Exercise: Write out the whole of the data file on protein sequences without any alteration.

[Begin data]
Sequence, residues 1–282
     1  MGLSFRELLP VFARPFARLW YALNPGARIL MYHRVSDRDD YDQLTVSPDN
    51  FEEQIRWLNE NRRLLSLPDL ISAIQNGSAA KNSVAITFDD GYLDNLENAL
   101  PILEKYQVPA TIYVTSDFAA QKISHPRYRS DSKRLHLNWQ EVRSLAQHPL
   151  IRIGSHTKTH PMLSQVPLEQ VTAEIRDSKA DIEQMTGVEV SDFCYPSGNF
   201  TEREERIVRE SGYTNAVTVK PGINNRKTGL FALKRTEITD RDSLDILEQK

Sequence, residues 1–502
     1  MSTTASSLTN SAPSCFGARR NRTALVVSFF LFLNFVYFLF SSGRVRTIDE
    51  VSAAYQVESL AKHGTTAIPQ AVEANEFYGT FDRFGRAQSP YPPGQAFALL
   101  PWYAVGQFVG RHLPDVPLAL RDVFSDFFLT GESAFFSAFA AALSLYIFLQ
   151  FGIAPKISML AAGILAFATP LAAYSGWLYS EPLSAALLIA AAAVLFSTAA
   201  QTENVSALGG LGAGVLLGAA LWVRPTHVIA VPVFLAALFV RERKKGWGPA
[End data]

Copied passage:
Sequence, residues 1–282
     1  MGLSFRELLP VFARPFARLW YALNPGARIL MYHRVSDRDD YDQLTVSPDN
    51  FEEQIRWLNE NRRLLSLPDL ISAIQNGSAA KNSVAITFDD GYLDNLENAL
   101  PILEKYQVPA TIYVTSDFAA QKISHPRYRS DSKRLHLNWQ EVRSLAQHPL
   151  IRIGSHTKTH PMLSQVPLEQ VTAEIRDSKA DIEQMTGVEV SDFCYPSGNF
   201  TEREERIVRE SGYTNAVTVK PGINNRKTGL FALKRTEITD RDSLDILEQK

Sequence, residues 1–502
     1  MSTTASSLTN SAPSCFGARR NRTALVVSFF LFLNFVYFLF SSGRVRTIDE
    51  VSAAYQVESL AKHGTTAIPQ AVEANEFYGT FDRFGRAQSP YPPGQAFALL
   101  PWYAVGQFVG RHLPDVPLAL RDVFSDFFLT GESAFFSAFA AALSLYIFLQ
   151  FGIAPKISML AAGILAFATP LAAYSGWLYS EPLSAALLIA AAAVLFSTAA
   201  QTENVSALGG LGAGVLLGAA LWVRPTHVIA VPVFLAALFV RERKKGWGPA